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can be conveniently rephrased as:

 (4.1) Equivalently, (4.2)

For the vast majority of heat conduction problems, the emphasis is on rates of heat transfer rather than on amounts of heat transferred. Therefore, Eq. (4.2) is the starting point of further analysis for steady-state heat transfer.

To implement Eq. (4.2), it is convenient to make reference to Fig. 4.1. That figure shows a solid of arbitrary shape through which heat is passing. Also seen in the figure is a very small volume

 of dimensions , , and . It is this volume, called a control volume, to which Eq. (4.2) will be applied.

Fig. 4.1 A solid of arbitrary shape across which heat is passing

4.1

For the application of this heat balance equation, it is useful to enlarge the control volume and to focus attention on its individual faces. Figure 4.2 shows enlarged views of left-hand and right- hand faces of the control volume.

Fig. 4.2 Enlarged views of the faces of the control volume. (a) left-hand face and (b) right-hand face

 In the figure, the symbol is used to denote the derivative . The subscript indicates a heat flow in the direction. The rate of heat transfer crossing the left-hand face follows from Eq. (3.10) as: (4.3)

In this equation, the area across which heat is flowing is the face area

. The subscript

that is appended to the derivative indicates that it is to be evaluated at the location

. Next, in a manner analogous to Eq. (4.3), the rate at which heat crosses the right-hand face is:

(4.4)

It is useful, at this point, to determine the net rate of heat outflow for the direction. This quantity is obtained by differencing Eqs. (4.4) and (4.3), so that:

 (4.5) If use is made of the definition of the derivative: (4.6) then, (4.7)

A similar derivation yields:

4.2

(4.8)

(4.9)

Equation (4.2) requires that for steady state, there is no net heat transfer at the chosen control volume. This means that the sum of Eqs. (4.7) to (4.9) be zero, which leads to:

(4.10)

This equation is very famous and is encountered in many physical processes beside heat

conduction. It is called Laplace’s equation. It is, in fact, the most investigated equation in all of

mathematics. There are many elegant solution methods that have been employed to solve

Laplace’s equation. Those methods are taught in a graduate course on heat conduction. However,

no matter what the level of mathematical knowledge, it is possible to obtain analytical solutions
for the Laplace’s equation only for the most simple shapes and
boundary conditions.
Laplace’s equation can also be written in vector form as:
(4.11)
The operator takes different forms for different coordinate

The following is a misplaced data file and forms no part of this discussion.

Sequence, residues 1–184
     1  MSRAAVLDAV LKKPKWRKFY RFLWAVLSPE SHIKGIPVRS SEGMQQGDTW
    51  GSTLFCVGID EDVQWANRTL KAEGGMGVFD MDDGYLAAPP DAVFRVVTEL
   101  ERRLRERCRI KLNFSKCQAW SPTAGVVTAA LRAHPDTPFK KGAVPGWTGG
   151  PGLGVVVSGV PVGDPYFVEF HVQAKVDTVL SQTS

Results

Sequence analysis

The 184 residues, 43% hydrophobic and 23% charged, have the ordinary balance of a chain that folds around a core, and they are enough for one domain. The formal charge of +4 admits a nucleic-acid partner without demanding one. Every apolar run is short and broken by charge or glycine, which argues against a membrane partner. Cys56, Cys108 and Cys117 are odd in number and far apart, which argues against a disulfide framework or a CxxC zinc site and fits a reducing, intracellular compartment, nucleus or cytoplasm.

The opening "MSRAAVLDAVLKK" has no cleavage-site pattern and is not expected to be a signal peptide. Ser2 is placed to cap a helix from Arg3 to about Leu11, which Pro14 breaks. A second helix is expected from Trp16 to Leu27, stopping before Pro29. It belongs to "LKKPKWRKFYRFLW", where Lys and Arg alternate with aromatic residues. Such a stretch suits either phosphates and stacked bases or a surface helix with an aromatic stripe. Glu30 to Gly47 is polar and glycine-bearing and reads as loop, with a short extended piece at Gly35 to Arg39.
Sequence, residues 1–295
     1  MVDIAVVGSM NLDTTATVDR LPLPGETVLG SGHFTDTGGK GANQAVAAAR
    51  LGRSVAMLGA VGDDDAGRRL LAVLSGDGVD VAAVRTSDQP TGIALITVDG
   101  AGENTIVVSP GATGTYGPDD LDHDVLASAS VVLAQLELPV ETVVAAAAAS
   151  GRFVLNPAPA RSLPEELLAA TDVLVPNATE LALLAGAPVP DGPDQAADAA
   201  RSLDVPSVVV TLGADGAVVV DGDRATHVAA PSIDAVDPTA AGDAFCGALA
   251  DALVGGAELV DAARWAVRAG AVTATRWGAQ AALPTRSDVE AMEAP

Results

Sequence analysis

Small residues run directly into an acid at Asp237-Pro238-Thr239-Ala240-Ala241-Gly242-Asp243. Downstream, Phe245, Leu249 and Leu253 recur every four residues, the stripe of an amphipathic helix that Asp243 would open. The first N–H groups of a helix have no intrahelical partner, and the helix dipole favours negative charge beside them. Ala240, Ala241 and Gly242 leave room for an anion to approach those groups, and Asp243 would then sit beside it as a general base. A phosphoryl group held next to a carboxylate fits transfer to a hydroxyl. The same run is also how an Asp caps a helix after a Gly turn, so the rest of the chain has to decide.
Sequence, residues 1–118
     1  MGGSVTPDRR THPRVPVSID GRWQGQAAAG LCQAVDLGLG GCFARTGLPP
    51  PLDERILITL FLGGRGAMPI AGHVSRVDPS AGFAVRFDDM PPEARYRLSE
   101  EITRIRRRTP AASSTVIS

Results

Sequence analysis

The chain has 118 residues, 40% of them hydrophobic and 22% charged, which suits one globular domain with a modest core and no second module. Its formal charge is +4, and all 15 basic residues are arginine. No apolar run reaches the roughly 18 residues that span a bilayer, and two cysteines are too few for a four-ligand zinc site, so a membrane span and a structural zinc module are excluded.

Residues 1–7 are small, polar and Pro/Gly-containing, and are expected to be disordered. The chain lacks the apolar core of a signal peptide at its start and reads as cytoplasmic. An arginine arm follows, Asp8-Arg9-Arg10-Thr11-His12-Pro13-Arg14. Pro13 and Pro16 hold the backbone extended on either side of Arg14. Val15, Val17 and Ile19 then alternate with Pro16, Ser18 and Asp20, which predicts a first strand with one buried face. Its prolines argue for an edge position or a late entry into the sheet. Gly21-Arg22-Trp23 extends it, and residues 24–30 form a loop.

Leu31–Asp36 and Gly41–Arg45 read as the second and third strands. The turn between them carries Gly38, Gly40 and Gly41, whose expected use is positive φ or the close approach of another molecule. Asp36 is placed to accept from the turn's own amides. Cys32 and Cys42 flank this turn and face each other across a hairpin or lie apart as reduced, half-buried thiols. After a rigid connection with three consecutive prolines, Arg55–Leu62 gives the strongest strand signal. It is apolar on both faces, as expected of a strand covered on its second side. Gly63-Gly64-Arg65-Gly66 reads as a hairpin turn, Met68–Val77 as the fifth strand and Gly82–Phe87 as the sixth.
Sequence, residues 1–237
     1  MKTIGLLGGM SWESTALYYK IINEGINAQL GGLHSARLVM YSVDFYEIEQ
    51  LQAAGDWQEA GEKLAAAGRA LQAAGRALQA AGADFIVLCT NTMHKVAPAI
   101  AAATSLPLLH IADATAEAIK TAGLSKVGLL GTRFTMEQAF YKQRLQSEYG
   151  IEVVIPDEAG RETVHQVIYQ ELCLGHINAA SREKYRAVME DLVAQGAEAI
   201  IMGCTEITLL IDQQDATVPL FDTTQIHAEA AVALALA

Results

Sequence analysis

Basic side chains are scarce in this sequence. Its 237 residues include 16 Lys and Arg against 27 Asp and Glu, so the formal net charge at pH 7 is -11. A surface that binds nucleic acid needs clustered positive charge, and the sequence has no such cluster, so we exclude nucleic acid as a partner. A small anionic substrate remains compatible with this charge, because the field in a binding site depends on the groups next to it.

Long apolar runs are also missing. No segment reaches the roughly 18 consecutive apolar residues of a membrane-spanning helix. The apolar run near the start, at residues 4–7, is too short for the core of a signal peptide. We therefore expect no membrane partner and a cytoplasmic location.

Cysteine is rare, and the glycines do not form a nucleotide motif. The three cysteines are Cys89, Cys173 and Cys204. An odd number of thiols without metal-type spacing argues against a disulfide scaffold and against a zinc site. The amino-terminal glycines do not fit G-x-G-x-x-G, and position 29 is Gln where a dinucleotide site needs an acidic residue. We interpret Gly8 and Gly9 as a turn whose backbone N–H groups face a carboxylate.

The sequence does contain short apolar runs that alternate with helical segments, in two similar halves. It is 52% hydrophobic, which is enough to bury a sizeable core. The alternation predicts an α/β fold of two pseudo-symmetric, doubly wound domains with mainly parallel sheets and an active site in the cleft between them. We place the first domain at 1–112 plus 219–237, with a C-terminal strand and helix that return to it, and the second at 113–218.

systems. For Cartesian coordinates:
(4.12)
In cylindrical coordinates, the expression for this operator is:
Fig. 4.3 Pierre Simon de Laplace
(1749-1827)
(4.13)

where is the radial coordinate, is the angular coordinate, and is the axial coordinate.

There is a large class of problems in which the temperature does not depend on the angular coordinate . Such problems are called axisymmetric. The steady-state heat conduction in axisymmetric situations is governed by:

(4.14)

When the temperature varies with time in a solid material, there will be a corresponding variation of the rates of heat transfer within the solid and at its boundary. In such situations, the change of

4.3

internal energy in a

given

time interval will no

longer be zero as it was in the steady state.

Attention may be redirected to the First Law, Eq. (3.11). The time is related to the time by:

(4.15)

Over this small time interval, the change of internal energy must be very small. In this light, Eq. (3.11) may be rewritten as:

(4.16)

In writing this equation, the work transfer has been omitted. The quantity represents a very small quantity of heat, but it cannot be represented by , since

However, the quantities

and

(4.17)

have no physical meaning since the object does not possess

heat at state 1 or at state 2. Since our focus is now on timewise variations, it is convenient to rewrite Eq. (4.16) as:

(4.18)

In this equation, is the net rate of heat inflow into the control volume.

Equations (4.7-9), when summed, represent the net rate of outflow from the control volume. By reversing the sum and using Eq. (4.18), the unsteady equation for heat conduction emerges as:

(4.19)

The internal energy

is equal to the specific internal energy

times the mass within the control

 volume. In turn, the mass is equal to the density of the material times the volume . With this information: (4.20) From thermodynamics, (4.21) The introduction of Eqs. (4.20) and (4.21) into the First Law, Eq. (4.19), there is obtained: (4.22)

4.4

 This general equation for unsteady heat conduction can be specialized to solids ( result: ) with the (4.23) where has been defined in Eqs. (4.12) and (4.13) for Cartesian and cylindrical coordinates, respectively.

In many textbooks and, in particular, mathematics texts on differential equations, Eq. (4.23) is written as:

 (4.24) In this equation, is the thermal diffusivity whose units are dimensional form of this equation: or . The one- (4.25)

is called the heat equation by mathematicians.

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